Kurtz's response to deeply flawed Post editorial: "I don't care what Post editorials say"
Research ››› ››› SIMON MALOY
Responding to readers' comments on The Washington Post's falsehood-laden April 9 editorial on President Bush's authorization of intelligence leaks, Post media writer Howard Kurtz -- instead of reporting on the editorial's numerous falsehoods -- stated: "I don't care what Post editorials say, except as a reader."
Responding to readers' comments on The Washington Post's falsehood-laden April 9 editorial on President Bush's authorization of intelligence leaks, Post media writer Howard Kurtz -- instead of reporting on the editorial's numerous falsehoods -- stated: "I don't care what Post editorials say, except as a reader." As Media Matters for America noted, the April 9 editorial espoused numerous falsehoods that echoed media conservatives, and ignored its own paper's reporting in defending Bush's reported authorization of Vice President Dick Cheney's former chief of staff I. Lewis "Scooter" Libby to disclose classified portions of the 2002 National Intelligence Estimate on Iraq's purported weapons of mass destruction.
Kurtz was responding to readers' questions during an April 10 "Live Online" discussion on washingtonpost.com. When confronted with comments from readers attacking and defending the editorial, Kurtz wrote: "I couldn't ask for a better case study in how the ideology of some readers affects their perception of what is fair or accurate." But contrary to Kurtz's assertion, the flaws in the Post's April 9 editorial had nothing to do with the "perception of what is fair and accurate," but what is actually accurate.
Rather than reporting on the numerous falsehoods in the editorial, Kurtz, who also hosts CNN's Reliable Sources and is billed by the network as "the nation's premier media critic," said the editorial "underscore[s] the church-and-state division" between the Post's editorial and news divisions, and attacked a reader's suggestion that the editorial would reflect poorly on the paper as a whole, writing: "You obviously disagree strongly with that editorial, but I don't see how that translates into a 'lack of journalistic integrity.' The only people who have integrity are those who agree with your positions?"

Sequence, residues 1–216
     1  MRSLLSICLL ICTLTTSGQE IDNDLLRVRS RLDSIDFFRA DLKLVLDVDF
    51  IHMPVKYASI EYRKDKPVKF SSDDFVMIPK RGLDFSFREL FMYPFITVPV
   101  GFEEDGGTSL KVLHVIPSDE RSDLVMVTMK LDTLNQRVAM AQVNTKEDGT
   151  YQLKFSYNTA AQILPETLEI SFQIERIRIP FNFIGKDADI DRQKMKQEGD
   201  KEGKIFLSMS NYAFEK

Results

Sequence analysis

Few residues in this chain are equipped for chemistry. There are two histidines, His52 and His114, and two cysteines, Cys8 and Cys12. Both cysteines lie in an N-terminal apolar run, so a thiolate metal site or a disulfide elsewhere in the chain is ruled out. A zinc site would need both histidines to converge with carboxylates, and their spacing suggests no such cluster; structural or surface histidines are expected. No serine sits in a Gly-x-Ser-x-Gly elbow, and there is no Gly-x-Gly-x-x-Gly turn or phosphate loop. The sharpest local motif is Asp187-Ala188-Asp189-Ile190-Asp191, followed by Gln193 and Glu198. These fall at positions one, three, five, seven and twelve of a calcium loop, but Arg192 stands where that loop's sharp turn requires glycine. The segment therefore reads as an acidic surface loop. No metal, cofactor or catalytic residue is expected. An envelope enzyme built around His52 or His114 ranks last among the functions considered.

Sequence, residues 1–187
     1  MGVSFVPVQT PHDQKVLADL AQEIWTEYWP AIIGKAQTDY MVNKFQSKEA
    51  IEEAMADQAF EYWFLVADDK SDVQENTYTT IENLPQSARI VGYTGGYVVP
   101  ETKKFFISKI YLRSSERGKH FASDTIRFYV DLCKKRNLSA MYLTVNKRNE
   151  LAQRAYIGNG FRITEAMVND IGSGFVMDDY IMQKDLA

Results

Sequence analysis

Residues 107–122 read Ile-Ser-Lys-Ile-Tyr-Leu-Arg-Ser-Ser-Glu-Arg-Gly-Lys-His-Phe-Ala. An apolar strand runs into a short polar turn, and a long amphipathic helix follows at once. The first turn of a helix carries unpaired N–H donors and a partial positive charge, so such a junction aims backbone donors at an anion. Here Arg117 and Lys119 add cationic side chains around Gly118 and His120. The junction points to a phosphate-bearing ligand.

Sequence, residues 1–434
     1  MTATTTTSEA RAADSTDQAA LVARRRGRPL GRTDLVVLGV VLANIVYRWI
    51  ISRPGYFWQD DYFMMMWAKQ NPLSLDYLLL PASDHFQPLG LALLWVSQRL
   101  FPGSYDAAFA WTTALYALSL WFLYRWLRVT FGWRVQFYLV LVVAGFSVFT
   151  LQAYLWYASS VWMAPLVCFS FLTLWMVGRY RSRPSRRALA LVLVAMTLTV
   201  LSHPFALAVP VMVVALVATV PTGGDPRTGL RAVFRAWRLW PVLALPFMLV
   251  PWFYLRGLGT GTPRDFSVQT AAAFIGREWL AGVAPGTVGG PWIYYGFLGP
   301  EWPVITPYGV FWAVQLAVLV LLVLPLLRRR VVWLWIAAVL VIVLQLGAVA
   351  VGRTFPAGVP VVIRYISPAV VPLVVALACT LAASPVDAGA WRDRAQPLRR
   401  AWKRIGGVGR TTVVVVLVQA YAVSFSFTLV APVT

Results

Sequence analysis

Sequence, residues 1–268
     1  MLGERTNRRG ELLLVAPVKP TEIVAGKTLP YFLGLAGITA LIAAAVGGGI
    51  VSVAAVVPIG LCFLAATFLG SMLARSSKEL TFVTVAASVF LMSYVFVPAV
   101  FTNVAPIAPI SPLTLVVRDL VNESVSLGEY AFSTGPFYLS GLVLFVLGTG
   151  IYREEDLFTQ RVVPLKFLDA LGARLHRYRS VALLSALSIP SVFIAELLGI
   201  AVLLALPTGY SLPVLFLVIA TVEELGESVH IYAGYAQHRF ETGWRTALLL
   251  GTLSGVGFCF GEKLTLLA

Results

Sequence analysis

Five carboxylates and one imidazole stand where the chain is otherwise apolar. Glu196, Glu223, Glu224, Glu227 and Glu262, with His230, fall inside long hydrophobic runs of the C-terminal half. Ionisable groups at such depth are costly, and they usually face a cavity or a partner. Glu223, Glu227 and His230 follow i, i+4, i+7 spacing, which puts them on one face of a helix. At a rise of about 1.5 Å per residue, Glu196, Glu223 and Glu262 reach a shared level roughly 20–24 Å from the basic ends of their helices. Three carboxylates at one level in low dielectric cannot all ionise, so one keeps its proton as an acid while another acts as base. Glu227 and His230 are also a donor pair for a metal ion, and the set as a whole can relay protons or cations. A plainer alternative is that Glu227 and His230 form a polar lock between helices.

From Kurtz's April 10 online discussion:
Fairfax, Va.: You are probably getting a lot of questions about the weird editorial from April 9 in which The Washington Post defended the leaking of (and thoroughly debunked) classified information. What I would like to know is what do journalists in the newsroom do when an editorial is so off-base? Do they just shrug their shoulders and carry on? What is their responsibility to the public? Also, should the editorial board be so disconnected from the news portion of the paper? I think this episode is another in a long line of incidences that highlights the lack of journalistic integrity there is out there today. It tarnishes everyone in the media whether fair or not.